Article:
Nine to Five & a Sack Lunch

Ol’ Bill ate typewriters for breakfast. He taught me the trick of spittin’ out the lys and the pieces of ing before they clogged the back teeth; said he had no use for adverbs. I tried to take his advice every step I could, cuz his eyes showed me where the landmines were snugglin’ down under just an inch or two of mud and just by sweepin’the soggy earth to one side, almost like squirtin’ it off the sidewalk with a nozzled hose, the writing came out pure, clean and hard as the sidewalk itself. I wanted to write like that. I really wanted to be that kind of writer and so I listened to everything he said about grammar and of course, style. Ok ok, I’d say, when he look all mad and impatient with me.

I’m doing the best I can, ya know…And he’d say, I doubt it.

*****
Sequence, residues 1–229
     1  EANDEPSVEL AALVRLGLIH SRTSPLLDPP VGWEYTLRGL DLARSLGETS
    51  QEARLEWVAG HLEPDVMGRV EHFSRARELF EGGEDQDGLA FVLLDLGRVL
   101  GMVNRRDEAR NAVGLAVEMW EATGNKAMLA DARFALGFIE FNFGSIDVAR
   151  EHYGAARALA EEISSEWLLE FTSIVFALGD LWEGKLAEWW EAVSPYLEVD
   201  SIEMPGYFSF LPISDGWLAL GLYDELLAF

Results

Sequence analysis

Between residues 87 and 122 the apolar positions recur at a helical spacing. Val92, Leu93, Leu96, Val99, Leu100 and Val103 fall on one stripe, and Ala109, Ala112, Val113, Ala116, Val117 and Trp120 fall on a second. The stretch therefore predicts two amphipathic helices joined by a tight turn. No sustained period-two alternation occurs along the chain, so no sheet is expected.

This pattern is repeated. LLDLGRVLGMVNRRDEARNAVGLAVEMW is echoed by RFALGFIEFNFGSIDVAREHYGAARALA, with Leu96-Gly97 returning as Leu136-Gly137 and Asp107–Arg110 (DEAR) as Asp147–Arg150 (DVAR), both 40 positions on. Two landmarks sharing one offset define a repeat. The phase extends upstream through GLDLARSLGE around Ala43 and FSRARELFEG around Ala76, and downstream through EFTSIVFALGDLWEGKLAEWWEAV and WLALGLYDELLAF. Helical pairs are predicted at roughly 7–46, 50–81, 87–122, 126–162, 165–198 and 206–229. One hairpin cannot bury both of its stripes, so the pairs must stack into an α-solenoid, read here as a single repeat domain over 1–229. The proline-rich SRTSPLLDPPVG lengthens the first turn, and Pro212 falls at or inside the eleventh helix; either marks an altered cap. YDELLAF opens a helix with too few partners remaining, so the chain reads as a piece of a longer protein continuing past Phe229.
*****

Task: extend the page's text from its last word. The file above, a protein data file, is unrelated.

It was a crappy relationship, but no one else was willing to let me sleep on their couch, take two hours baths at two in the morning. I always cleaned up after myself and I made dinner and a sack lunch for him to take to the yard where he sliced pecker poles into board feet and sanded the worst of his sloppy cuts down.

I was sick to death of having no “room of my own” and wished for even the tiniest space to set up my own little shop to split infinitives inside and watch the curtains blow as I ripped up the window shade and breathed in deep the darkest wind of winter. I wanted to work nonstop until it was time to sleep and the next day, start all over again until I had a story or a poem so close to perfection I couldn’t tell the difference between this draft and that one, like this dalmation puppy and that one.